Australian Bureau of Statistics
6105.0 - Australian Labour Market Statistics, Jul 2003
Previous ISSUE Released at 11:30 AM (CANBERRA TIME) 04/07/2003
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Feature Article - Unemployment and participation rates in Australia: a cohort analysis
During periods of economic growth the unemployment rate tends to fall, while the unemployment rate rises during recessionary periods when there is a reduction in the demand for labour. Figure 2 shows the effect the year had on unemployment, after controlling for age and cohort effects — the coefficients of the year effect are expressed in percentage point changes from the average unemployment rate over the period.
The year effect follows the pattern of the business cycle shown in Figure 1, with peaks in unemployment in the early 1980s and early 1990s — roughly corresponding with the years of recession, though tending to lag the troughs of the recession slightly.
When compared to men, unemployment among women seems less strongly associated with the business cycle, as the peaks and troughs tend to be less extreme. This corresponds with other studies which show that during recessionary periods unemployed men tend to stay in the labour force while unemployed women tend to exit the labour force (e.g. Gregory, R. (1991), 'Jobs and Gender: A Lego Approach to the Australian Labour Market', Economic Record, 67 (supplement), pp 20-40.).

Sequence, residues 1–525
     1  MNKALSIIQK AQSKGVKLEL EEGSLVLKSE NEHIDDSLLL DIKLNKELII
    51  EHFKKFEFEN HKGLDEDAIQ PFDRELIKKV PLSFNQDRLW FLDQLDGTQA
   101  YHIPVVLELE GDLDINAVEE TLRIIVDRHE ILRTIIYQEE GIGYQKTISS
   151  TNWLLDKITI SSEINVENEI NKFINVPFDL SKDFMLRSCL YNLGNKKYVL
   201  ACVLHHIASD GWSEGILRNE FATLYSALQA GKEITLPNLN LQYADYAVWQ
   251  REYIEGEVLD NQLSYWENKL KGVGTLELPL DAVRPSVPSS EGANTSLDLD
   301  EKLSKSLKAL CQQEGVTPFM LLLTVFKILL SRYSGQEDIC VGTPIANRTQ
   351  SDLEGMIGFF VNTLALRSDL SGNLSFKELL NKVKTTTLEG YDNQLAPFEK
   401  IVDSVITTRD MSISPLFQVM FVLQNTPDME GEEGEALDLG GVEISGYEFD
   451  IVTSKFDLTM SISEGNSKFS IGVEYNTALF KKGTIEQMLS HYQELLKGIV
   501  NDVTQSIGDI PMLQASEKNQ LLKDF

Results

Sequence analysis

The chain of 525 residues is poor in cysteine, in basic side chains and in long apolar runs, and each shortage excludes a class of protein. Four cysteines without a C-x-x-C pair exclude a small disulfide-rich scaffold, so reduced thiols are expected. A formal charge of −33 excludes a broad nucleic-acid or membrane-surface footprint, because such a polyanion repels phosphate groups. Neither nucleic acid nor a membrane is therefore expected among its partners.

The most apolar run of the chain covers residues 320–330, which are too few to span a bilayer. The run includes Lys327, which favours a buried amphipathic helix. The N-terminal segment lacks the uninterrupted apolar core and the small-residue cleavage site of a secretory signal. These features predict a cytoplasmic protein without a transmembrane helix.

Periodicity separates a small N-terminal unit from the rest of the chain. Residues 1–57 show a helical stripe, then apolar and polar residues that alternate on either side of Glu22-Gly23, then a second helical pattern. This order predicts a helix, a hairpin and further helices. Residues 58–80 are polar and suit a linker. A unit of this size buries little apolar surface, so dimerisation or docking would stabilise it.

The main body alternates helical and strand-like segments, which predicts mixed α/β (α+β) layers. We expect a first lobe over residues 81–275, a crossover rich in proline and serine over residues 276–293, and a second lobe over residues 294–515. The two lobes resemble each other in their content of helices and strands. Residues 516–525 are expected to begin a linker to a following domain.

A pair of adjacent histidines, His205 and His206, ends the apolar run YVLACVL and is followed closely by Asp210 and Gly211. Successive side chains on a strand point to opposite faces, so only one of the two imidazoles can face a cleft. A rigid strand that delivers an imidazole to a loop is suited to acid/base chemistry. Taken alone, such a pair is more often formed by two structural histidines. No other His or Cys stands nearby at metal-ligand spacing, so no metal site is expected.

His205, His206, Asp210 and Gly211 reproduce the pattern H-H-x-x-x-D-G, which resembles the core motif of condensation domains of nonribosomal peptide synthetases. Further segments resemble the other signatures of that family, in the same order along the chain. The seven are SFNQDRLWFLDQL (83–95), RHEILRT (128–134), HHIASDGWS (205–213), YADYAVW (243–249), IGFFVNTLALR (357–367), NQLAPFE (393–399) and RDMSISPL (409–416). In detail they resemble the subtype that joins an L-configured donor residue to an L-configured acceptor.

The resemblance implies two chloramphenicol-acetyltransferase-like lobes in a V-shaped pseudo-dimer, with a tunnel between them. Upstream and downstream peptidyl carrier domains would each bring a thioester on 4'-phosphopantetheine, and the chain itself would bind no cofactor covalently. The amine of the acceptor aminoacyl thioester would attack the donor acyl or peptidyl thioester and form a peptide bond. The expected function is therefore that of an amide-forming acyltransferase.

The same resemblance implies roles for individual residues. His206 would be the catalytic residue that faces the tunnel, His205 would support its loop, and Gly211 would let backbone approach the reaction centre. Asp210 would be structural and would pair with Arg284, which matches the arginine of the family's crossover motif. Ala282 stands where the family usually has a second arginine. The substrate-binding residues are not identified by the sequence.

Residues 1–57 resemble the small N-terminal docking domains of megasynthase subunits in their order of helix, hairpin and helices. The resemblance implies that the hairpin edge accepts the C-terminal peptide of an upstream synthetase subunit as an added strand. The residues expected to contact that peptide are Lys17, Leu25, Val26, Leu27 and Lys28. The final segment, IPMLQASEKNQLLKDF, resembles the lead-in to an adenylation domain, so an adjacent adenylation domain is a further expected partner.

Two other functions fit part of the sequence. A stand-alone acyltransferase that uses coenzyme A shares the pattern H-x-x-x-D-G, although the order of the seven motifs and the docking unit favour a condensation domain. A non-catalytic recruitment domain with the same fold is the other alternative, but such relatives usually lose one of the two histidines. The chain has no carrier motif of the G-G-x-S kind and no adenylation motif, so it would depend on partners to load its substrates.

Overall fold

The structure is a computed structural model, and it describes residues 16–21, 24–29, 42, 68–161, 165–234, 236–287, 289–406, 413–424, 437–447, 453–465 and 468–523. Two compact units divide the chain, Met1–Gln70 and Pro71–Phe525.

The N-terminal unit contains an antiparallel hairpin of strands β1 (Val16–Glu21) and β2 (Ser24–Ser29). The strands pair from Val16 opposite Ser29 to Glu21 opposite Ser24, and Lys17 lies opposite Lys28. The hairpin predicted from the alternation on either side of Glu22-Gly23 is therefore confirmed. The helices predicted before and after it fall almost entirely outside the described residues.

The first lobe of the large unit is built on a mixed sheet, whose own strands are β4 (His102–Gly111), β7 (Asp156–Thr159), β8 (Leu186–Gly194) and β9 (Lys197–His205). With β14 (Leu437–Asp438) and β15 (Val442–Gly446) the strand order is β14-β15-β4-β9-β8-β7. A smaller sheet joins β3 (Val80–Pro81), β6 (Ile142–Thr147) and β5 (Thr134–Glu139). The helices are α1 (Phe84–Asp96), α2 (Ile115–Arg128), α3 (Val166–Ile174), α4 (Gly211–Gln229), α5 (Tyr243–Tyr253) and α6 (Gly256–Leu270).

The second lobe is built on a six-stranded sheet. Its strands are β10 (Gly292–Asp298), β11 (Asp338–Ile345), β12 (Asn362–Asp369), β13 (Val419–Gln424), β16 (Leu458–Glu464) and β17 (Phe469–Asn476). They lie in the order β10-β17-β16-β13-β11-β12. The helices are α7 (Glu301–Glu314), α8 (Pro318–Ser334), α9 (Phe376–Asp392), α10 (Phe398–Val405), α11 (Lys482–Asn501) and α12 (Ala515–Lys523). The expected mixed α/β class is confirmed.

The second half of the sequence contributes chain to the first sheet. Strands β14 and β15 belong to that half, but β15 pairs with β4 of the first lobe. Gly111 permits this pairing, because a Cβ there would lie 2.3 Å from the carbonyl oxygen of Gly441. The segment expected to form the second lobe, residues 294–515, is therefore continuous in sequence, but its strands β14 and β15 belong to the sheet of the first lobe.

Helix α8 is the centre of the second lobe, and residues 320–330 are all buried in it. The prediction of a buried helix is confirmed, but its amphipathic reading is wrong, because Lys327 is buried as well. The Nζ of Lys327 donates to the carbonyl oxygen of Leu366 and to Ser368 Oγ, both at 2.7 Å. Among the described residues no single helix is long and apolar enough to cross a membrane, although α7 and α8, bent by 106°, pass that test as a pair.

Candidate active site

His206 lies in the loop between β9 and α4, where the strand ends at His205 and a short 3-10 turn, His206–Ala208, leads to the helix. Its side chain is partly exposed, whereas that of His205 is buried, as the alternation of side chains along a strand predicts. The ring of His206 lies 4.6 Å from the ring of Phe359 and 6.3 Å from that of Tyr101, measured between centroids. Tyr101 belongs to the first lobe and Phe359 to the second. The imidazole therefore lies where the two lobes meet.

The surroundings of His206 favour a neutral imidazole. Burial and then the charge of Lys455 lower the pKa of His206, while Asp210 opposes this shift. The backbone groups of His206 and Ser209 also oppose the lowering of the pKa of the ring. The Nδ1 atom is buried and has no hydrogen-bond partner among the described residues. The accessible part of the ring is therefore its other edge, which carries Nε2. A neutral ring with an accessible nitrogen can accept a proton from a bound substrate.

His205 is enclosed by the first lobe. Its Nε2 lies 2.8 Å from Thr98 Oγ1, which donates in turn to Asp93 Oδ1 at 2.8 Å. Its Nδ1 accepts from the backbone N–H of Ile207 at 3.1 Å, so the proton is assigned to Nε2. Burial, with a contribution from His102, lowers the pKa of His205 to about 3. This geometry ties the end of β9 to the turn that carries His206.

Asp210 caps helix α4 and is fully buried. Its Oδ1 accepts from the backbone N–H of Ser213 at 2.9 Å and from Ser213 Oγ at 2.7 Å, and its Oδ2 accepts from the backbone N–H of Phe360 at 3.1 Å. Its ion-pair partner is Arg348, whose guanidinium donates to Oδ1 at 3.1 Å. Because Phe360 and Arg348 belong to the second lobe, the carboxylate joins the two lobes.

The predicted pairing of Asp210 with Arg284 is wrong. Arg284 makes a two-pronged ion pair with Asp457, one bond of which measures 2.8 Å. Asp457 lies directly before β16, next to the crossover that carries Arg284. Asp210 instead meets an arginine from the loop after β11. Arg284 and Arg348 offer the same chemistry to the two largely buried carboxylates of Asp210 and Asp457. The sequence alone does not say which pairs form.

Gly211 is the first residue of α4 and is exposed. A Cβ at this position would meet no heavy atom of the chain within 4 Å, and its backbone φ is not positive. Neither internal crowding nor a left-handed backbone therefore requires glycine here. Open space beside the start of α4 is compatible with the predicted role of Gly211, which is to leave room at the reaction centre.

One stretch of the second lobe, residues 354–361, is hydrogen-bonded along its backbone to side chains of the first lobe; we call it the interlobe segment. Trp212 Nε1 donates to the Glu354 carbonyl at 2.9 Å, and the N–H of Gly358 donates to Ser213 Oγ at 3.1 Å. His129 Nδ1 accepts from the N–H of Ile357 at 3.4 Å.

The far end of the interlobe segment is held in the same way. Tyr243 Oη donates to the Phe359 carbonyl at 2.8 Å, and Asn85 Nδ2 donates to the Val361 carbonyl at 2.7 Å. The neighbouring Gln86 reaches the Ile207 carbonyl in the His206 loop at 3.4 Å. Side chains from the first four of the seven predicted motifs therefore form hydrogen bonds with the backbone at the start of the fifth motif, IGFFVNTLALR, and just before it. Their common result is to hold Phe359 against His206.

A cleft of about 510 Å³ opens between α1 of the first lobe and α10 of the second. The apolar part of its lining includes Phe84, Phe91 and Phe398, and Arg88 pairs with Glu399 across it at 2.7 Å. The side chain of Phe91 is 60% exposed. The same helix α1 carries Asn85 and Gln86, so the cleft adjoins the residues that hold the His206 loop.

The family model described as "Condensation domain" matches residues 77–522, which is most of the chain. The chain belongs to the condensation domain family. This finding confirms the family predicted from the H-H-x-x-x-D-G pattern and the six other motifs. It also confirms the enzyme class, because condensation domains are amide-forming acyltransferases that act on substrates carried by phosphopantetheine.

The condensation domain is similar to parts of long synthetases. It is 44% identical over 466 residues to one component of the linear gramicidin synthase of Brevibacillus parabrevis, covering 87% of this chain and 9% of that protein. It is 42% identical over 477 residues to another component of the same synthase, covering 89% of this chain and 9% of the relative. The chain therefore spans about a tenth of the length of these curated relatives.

Figure 3 shows the year effect for men and women's labour force participation. Comparison with figure 1 shows that women's labour force participation roughly follows the business cycle, with troughs at similar points, although the participation rate for women has varied less since the early 1990s. The year effect for men is not statistically significant, indicating the male participation rate (unlike unemployment) is not strongly influenced by the business cycle. Women's decisions to participate in the labour market appear to be more strongly influenced by the economic cycle than men's, as noted above. This may reflect a propensity to exit the labour market rather than remain unemployed when jobs become harder to find.
THE EFFECT OF AGE
The relationship between age and unemployment, after controlling for year and cohort effects, is shown in Figure 4. Younger workers, who have only recently entered the labour market, experience higher levels of unemployment than middle aged workers, who are better established in employment. Among men, the relationship between age and unemployment remains relatively steady until their early 50s when it begins to rise, peaking at age 59. The age effects for women are considerably different, with the unemployment rate continuing to decline after age 50. Again this could be explained by women being more likely to exit the labour market than to remain unemployed. The sharp drop in unemployment rates among both men and women close to age 60 may be attributed to workers retiring from the labour market.